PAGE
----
Earlier today, the Chicago White Sox announced they would not tender a contract to closer Bobby Jenks. The decision marks the end of the hard-throwing righty’s career on the Southside while adding another worthwhile relief pitcher to a free agent market already full with them.
The White Sox’s chief motive might be finances. Jenks’ salary had the potential to shoot over $8 million for the upcoming season. With numerous alternatives in place (Matt Thornton, Sergio Santos, and Chris Sale come to mind) and the aforementioned relief market, Kenny Williams must’ve decided he could find a suitable replacement while using the money on another player (or two) to enhance his roster more than he could with Jenks’ salary present.
Unfortunately for Williams, the same details that made Jenks an expendable part of the White Sox roster also made him an unattractive addition to the rest of the league; capsizing whatever trade value a pitcher of Jenks’ talent level would usually hold. One has to imagine Williams investigated potential trades wherein he would throw in some cash as well, but ultimately found them unappealing.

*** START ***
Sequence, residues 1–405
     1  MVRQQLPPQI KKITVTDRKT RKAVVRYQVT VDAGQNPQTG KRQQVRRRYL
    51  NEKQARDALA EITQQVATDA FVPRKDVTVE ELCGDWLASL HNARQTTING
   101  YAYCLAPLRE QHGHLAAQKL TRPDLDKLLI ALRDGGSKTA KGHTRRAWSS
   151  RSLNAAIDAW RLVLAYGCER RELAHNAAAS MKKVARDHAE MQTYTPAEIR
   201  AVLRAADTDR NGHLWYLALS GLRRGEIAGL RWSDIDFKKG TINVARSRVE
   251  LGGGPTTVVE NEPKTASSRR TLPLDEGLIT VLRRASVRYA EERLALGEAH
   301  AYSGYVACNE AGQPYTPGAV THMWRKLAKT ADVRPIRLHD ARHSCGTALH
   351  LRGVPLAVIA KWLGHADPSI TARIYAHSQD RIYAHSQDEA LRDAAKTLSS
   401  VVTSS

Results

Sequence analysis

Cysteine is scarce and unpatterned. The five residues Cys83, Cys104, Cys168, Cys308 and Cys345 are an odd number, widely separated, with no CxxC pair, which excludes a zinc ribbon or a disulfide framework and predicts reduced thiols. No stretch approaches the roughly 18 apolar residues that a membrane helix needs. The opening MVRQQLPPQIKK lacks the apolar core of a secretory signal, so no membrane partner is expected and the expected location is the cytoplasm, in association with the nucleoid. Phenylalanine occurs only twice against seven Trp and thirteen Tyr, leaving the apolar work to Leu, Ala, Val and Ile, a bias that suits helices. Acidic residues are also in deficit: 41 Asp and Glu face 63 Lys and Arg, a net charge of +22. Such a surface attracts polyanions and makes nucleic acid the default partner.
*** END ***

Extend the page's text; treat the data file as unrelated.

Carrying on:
As for Jenks, he now becomes one of the most interesting free agents available. With no free agent compensation required, teams will only part with money in order to sign him. The disagreement between Jenks’ earned run average (4.44) and peripheral-based run average metrics (2.59 FIP) might lead to a discount rate as well. This is a guy coming off a season with a career-low xFIP (2.62) who also had the worst strand rate (65.4%) and batting average on balls in play against (.368) of his six-year career.
Those last two are vital to his inflated ERA. It’s common baseball sense: the fewer runners you strand, the more runners you allow to score and the larger your ERA grows. How BABIP plays into an increased ERA is no philosophical issue either, as more hits have a tendency to mean more baserunners and more run-scoring opportunities. Given how the rest of Jenks’ career has played out, it seems safe – if not concrete – to say 2010’s hit and strand rates will become apparitions rather than telltale embodiment of Jenks’ abilities.
How Jenks fares on the open market will be worth watching. Jenks has everything going for him; saves, the proven closer tag, no Type A compensation required, and even transcendent facial hair; everything but an above average ERA. Yet, interest is likely to be high on the 29-year-old, meaning a team cannot hold that against Jenks too greatly in their offerings without running the risk of losing him.
Williams’ hands being tied could ultimately result in a sweet deal for a pretty good closer. The question is which team becomes the benefactor.